Organizers of a playground project in West Redding’s Sunset Terrace neighborhood are not looking for a few good men. They are looking for a whole bunch of good men and women willing to spend a day constructing a playground at a city park that now has little to offer besides a strip of turf.
Saturday, May 21, is the designated build day for Sunset Playground at TR Woods Memorial Park, located on Royal Oaks Drive about three blocks north of Eureka Way. Project organizers from Redding West Rotary Club, Active 20-30 Club of Redding and from the neighborhood need 150 to 200 adults to complete the playground in one day.
“It’s basically just been a piece of grass for as long as anyone can remember,” said Adam McElvain, of Active 20-30 Club. “Every kid needs a place to play. Get them away from the video games and get them outside.”
At first glance, the Sunset Terrace neighborhood might seem like an odd location for this type of charity effort. The neighborhood has been one of the city’s more desirable areas since it was developed during the 1950s and 1960s. Sunset Terrace’s demographics are nothing like those in the Enterprise area, where the 20-30 Club built a playground at Alta Mesa Park three years ago. However, Sunset Terrace has evolved during recent years and is now home to more young families. Yet the nearest playground is about one mile away – and on the other side of busy Eureka Way – at Manzanita School. The nearest city park with a playground is about two miles away at Caldwell Park. Neither is a good option for a parent pushing a stroller or an eight-year-old on a bicycle.
Active 20-30 Club considered its project at Alta Mesa Park a big success and has conducted about half a dozen events at the park since completing the playground. When club members asked the city about a new project, officials pointed to 45-year-old TR Woods Memorial Park, named for neighborhood developer Tom Woods. The city’s parks master plan calls for improvements to the park and gives those improvements a high priority.
“We have been talking to the neighborhood about that park for the last four to five years,” said Kim Niemer, Redding community services director. “That neighborhood has been turning over, and there are a lot more families with younger kids.” Last year, she noted, neighborhood parents and teenagers organized a summer play program and soccer camp at the park.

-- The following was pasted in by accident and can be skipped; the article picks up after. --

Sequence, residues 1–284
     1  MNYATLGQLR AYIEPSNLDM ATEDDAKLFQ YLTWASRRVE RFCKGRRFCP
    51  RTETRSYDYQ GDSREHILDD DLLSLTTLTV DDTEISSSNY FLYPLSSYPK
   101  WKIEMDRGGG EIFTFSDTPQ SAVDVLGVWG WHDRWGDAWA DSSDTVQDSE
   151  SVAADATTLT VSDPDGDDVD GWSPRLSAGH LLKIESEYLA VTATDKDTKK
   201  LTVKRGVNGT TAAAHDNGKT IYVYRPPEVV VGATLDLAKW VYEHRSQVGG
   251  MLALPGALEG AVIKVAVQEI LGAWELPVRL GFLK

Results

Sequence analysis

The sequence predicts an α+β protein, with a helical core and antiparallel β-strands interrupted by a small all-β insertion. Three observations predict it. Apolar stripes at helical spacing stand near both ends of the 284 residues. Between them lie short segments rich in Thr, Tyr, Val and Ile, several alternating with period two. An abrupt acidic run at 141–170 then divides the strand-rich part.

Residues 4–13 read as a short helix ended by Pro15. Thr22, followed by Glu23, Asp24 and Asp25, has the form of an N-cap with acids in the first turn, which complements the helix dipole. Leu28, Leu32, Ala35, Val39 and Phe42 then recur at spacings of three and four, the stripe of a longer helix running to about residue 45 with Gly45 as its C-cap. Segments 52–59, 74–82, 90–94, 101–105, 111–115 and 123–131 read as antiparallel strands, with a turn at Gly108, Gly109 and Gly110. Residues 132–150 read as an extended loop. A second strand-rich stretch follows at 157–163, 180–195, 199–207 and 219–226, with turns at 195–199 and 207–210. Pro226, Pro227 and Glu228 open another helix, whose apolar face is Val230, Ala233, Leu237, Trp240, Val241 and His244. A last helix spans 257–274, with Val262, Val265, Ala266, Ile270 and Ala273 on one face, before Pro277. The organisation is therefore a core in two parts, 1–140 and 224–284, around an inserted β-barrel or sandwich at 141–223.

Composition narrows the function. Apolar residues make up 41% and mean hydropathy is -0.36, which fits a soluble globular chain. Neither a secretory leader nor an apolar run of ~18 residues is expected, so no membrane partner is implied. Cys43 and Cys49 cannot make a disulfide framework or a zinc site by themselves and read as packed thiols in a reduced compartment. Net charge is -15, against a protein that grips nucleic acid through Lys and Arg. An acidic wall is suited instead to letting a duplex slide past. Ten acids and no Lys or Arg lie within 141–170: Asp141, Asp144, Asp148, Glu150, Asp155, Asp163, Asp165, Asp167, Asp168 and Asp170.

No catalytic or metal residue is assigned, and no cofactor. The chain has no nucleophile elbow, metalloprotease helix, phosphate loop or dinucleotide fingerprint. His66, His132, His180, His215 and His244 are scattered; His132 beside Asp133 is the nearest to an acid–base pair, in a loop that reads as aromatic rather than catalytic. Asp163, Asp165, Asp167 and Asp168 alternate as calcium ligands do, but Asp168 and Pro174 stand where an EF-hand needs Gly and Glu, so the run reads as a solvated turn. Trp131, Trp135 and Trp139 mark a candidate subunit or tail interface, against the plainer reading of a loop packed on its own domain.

Members of Redding West Rotary and Active 20-30 Club have taken the lead in raising money and designing the project. To date, they have collected about $53,000, including $25,000 from the city. Other large funders include Shasta Regional Community Foundation, Redding Rancheria, multiple Rotary Clubs, Sierra Pacific Foundation and Redding businessman Joe Wong. More donations are needed to reach the goal of $65,000.
Organizers conducted a design day to solicit kids’ input back in March. Nasty weather held down the turnout to about 30 youngsters, but they were able to provide ideas both fanciful (pirate ships and unicorns) and practical (a rock climbing wall and a tire swing), according to Lucky Jesrani, vice president of Active 20-30 Club. Designers have accounted for some of their ideas, he said.
Organizers are asking build day volunteers to sign up in advance, either through the project website or by contacting Jesrani directly at email@example.com. Volunteers need to arrive by 8 a.m. for instructions and should plan to spend all day. The clubs will provide breakfast, lunch and other refreshments. Volunteers don’t need to bring anything other than work gloves and sturdy shoes.
Saturday’s effort will focus on a play structure, a swing set and a picnic area. “It’s the part of the project that gets everybody amped up and gets some exposure,” Jesrani said.
Future phases of the project are planned to include a shade structure for the picnic area, a combination tennis court-half basketball court, and a wallball court.
Niemer noted that the city has little money for park projects these days, as funding comes from new development impact fees and the city has not seen much construction activity during recent years.
“Without these volunteer efforts, our park development efforts would be at a standstill,” she said.
A grand opening and barbecue at Sunset Playground is set for June 4.
View the location of TR Woods Memorial Park in a larger map.
Paul Shigley is senior editor of California Planning & Development Report, a frequent contributor to Planning magazine and is still hoping the pirate ship can be worked in. He lives in Centerville. Paul Shigley may be reached at firstname.lastname@example.org.
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